Mayr, Georgius: Institutiones Linguae Hebraicae in sex partes distributae. Lugduni [Lyon]: Sumptibus Antonii Iullieron. 1649. 8vo., pp. [viii] 463 [i]. Printed in Hebrew and Roman characters. Some browning and spotting. Contemporary calf, spine in six compartments with raised bands, rebacked preserving original gilt-decorated compartments and red morocco label, now somewhat darkened, boards flaked but since polished, corners renewed. Old ownership inscription to title of 'J. Thompson'(?). The major work of the Jesuit linguist Georg Mayr, a successful grammar of the Hebrew language for use by Christian hebraists. It followed the popular grammar of the same title by Robert Bellarmine (1578 et seq.), Mayr's teacher, and Mayr explains that Jesuit duties had prevented Bellarmine from achieving what he might have. Clearly there was a demand for new and improved Hebrew grammars, since Mayr's work, first published in 1616, was reprinted in 1622 and again in this edition of 1649. Ref: 28113show full image..
Morris, Beverley R[obinson].: British Game Birds and Wildfowl. Illustrated with 60 Coloured Plates. London: Groombridge and Sons, 1855. First edition. Large 4to., pp. iv, 252 + 60 coloured plates. Title-page a little stuck to frontispiece at gutter causing slight separation between it and the next leaf, slight separation between 'Harlequin duck' plate and the next leaf (p.247), 'Tufted duck' plate opposite p.243 loosening, occasional foxing mostly to front and rear. Contemporary half red polished sheep, gilt spine with raised bands and green morocco label, brown marbled boards, green endpapers. Joints, endcaps and corners worn, small split at tail of upper joint, rubbed. Still a very good copy overall. Bookplate of James Amphlett of Llandyssil dated 1868, numbered 12. 60 hand-coloured plates as called for. Engraved and printed by Benjamin Fawcett (1808-1893), one of the most highly esteemed English nineteenth century woodblock colour printers. Ref: 51745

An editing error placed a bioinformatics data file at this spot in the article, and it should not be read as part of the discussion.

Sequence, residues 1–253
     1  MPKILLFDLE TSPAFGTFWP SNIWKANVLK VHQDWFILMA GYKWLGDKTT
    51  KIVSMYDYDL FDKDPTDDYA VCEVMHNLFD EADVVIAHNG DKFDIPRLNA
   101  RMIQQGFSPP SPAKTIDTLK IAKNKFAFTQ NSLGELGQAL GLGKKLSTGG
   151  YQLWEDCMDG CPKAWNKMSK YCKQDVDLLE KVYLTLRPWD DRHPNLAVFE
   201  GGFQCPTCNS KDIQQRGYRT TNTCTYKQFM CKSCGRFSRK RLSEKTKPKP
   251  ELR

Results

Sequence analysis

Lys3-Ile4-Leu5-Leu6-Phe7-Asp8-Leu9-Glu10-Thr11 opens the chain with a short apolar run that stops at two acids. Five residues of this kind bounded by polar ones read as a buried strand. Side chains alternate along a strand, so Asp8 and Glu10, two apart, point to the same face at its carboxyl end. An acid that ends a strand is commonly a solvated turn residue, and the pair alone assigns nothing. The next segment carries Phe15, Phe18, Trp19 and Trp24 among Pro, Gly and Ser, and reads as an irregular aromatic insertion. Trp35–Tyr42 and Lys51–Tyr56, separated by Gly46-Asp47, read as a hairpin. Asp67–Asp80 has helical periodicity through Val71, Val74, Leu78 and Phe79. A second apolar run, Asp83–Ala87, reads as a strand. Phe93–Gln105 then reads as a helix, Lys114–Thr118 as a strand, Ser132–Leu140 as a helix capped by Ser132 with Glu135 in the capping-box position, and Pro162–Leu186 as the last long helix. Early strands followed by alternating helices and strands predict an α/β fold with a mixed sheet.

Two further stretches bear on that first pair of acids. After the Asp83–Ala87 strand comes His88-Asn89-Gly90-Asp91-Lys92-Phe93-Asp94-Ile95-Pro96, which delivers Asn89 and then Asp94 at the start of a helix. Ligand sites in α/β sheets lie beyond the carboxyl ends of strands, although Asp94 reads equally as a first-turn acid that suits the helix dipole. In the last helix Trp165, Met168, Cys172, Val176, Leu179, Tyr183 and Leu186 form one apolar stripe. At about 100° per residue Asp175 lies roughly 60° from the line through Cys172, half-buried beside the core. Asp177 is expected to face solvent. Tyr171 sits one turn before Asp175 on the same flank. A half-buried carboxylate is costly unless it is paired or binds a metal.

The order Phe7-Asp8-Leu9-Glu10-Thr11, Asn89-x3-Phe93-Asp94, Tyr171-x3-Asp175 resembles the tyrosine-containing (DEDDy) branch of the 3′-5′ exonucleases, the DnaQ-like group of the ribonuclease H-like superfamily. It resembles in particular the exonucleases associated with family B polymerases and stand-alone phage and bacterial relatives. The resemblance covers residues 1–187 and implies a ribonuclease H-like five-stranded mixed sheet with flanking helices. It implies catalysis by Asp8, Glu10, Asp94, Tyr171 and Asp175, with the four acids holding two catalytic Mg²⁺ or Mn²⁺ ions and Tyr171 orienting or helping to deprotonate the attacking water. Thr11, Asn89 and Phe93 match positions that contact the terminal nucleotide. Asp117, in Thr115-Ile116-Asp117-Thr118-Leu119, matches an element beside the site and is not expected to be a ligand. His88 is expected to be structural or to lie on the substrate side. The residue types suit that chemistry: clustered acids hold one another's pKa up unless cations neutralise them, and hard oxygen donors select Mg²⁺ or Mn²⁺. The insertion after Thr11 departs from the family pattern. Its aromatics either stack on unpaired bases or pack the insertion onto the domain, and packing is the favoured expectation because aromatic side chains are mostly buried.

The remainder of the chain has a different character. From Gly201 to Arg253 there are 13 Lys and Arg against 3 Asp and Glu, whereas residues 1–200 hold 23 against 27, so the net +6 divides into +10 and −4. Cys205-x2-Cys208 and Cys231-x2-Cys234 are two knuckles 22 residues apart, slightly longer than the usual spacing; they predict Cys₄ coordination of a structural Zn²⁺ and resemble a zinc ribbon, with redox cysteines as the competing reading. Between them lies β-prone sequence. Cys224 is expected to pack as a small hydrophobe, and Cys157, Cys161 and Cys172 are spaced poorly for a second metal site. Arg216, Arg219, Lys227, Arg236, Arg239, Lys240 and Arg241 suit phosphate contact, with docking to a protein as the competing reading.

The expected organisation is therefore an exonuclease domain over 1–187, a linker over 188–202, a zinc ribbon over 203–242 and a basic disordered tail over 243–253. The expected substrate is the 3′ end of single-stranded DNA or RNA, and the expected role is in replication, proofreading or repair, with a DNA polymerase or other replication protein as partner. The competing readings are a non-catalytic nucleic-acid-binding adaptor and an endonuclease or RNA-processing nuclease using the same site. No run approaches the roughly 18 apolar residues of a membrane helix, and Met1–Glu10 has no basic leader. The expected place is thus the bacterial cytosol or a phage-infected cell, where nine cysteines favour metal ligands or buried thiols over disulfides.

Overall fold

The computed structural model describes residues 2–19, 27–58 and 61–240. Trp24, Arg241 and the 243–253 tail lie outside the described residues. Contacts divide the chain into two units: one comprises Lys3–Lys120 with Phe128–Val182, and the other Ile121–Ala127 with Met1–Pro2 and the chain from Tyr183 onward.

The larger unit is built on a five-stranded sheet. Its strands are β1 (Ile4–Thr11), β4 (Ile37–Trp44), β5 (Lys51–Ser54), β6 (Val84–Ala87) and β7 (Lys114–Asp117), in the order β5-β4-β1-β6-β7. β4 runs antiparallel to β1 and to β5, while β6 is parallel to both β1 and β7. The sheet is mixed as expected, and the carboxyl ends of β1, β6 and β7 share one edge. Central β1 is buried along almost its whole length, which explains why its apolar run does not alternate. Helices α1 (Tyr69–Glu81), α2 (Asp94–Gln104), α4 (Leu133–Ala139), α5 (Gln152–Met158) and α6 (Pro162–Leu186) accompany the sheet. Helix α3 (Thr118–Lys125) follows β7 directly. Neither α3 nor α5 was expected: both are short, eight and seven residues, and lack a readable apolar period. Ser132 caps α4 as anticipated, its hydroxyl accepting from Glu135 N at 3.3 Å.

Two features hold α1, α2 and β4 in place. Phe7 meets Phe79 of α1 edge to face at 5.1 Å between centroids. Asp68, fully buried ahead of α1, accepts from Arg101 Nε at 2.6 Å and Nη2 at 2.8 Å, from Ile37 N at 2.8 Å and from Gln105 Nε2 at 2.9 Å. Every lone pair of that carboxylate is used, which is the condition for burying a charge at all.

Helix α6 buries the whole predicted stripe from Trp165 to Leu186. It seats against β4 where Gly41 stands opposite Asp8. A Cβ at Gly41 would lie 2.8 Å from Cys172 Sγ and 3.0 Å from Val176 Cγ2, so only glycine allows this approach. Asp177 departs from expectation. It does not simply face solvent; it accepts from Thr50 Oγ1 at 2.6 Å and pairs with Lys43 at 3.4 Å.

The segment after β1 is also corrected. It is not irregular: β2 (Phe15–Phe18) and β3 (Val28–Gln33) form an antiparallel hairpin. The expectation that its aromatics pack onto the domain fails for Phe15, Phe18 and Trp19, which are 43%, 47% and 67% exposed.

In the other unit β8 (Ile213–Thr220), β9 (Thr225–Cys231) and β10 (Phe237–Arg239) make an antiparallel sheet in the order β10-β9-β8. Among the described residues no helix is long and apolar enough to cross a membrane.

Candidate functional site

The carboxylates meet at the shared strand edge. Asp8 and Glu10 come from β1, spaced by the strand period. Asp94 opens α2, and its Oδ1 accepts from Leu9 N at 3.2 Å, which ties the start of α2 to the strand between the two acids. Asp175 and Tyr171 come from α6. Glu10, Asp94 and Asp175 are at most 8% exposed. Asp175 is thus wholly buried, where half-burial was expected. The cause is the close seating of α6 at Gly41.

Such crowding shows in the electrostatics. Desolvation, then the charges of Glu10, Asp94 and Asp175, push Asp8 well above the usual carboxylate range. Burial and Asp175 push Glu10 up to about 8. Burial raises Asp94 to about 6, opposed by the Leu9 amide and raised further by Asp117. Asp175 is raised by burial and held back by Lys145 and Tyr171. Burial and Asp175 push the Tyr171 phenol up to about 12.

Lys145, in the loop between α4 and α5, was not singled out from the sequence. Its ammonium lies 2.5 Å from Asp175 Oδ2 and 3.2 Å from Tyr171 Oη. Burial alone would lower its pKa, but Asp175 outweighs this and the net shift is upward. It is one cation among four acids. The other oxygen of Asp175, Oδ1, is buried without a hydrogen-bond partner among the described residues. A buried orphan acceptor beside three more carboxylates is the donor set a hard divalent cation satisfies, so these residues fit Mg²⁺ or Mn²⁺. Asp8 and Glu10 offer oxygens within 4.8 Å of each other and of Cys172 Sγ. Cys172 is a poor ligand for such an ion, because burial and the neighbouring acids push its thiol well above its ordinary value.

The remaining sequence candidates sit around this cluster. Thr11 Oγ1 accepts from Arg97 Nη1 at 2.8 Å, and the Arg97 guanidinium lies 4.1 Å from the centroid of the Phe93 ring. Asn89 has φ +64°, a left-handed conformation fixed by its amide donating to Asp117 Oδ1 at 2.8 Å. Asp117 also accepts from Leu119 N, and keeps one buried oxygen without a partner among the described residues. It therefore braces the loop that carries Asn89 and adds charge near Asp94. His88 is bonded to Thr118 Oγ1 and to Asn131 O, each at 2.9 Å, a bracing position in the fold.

Owen, Robert: A New View of Society: or, Essays on the Formation of the Human Character Preparatory to the Development of a Plan for Gradually Ameliorating the Condition of Mankind. London: printed for Longman, Hurst Rees, Orme and Brown et al, 1816. Second edition. 8vo., pp. viii, [iii], 12-184. Uncut, with wide margins. Dampstaining to approx. half page, diminishing from front paste-down to p.viii; occasional light foxing. Publisher's grey paper-covered boards backed with brown paper, remains of title label to spine. Grubby with dampstain to upper board, paper coming away at ends of spine, paper splitting at joints but binding holding firm, corners frayed. A good unsophisticated copy, worn but sound. Ownership inscription of W(illia)m Furmage, London Tavern, Poole to upper board. Furmage was landlord of the London Tavern from c.1839 to c.1855. "Here, in what remains his best-known work, Owen demanded a system of national education to prevent idleness, poverty, and crime among the 'lower orders' (Selected Works, vol. 1), and recommended restricting 'gin shops and pot houses', the state lottery and gambling, as well as penal reform, ending the monopolistic position of the Church of England, and collecting statistics on the value and demand for labour throughout the country. Owen denied proposing 'that the British government should now give direct employment to all its working population'. Instead, education should lead the poor 'to find employment sufficient to support themselves, except in cases of great sudden depression in the demand for, and consequent depreciation in the value of, labour' (Selected Works, 1.97)." (ODNB) Ref: 51402show full image..
Polignac, Melchior de: Anti-Lucretius, sive de Deo et Natura, libri novem. Parisiis [Paris]: Apud Hippolytum-Ludovicum Guerin, & Jacobum Guerin 1747. 2 vols., 8vo., pp. [ii] xxx [ii] 180; [iv] 181-450 + frontispiece. Without half-title in first volume. Some light browning and spotting. Contemporary calf, neatly rebacked with old green morocco gilt labels preserved, corners and hinges renewed, old leather scratched and slightly worn around the sides. A posthumously published poem in the Lucretian style offering a Christian and Cartesian refutation of Lucretius and Epicurean philosophy. Cardinal Polignac's (1661-1742) philosophy is "questionable, but the poem is, in form, the best imitation of Lucretius and Virgil extant" (Catholic Encyclopedia). Brunet IV 777. Ref: 25031